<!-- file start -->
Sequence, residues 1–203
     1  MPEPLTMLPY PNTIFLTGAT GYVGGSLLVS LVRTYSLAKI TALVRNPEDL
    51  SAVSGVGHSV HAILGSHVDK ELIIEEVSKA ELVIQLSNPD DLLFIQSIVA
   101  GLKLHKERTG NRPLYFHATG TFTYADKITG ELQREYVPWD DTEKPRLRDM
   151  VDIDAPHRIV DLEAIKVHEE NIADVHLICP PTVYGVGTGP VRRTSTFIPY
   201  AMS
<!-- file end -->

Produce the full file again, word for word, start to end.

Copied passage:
Sequence, residues 1–203
     1  MPEPLTMLPY PNTIFLTGAT GYVGGSLLVS LVRTYSLAKI TALVRNPEDL
    51  SAVSGVGHSV HAILGSHVDK ELIIEEVSKA ELVIQLSNPD DLLFIQSIVA
   101  GLKLHKERTG NRPLYFHATG TFTYADKITG ELQREYVPWD DTEKPRLRDM
   151  VDIDAPHRIV DLEAIKVHEE NIADVHLICP PTVYGVGTGP VRRTSTFIPY
   201  AMS